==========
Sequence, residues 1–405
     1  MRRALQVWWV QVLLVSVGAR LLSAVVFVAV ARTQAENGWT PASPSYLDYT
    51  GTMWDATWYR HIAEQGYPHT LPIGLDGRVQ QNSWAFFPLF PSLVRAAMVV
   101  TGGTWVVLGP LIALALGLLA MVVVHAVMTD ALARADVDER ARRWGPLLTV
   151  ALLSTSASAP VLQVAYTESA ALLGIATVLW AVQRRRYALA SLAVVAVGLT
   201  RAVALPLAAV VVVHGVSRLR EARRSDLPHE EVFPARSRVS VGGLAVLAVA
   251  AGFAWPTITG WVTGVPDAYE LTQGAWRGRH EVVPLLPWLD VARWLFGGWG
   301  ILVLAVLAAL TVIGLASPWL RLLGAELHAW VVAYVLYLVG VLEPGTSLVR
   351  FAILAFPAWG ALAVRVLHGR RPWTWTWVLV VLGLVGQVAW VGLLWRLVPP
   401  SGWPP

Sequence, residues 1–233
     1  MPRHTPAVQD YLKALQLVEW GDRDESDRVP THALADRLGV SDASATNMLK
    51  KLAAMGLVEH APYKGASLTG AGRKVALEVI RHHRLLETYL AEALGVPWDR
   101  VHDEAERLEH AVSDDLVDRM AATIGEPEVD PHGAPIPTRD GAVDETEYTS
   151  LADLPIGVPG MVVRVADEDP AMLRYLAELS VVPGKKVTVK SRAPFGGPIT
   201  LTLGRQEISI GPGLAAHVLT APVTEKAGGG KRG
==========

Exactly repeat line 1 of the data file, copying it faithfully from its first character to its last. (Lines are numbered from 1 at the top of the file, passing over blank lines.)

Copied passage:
Sequence, residues 1–405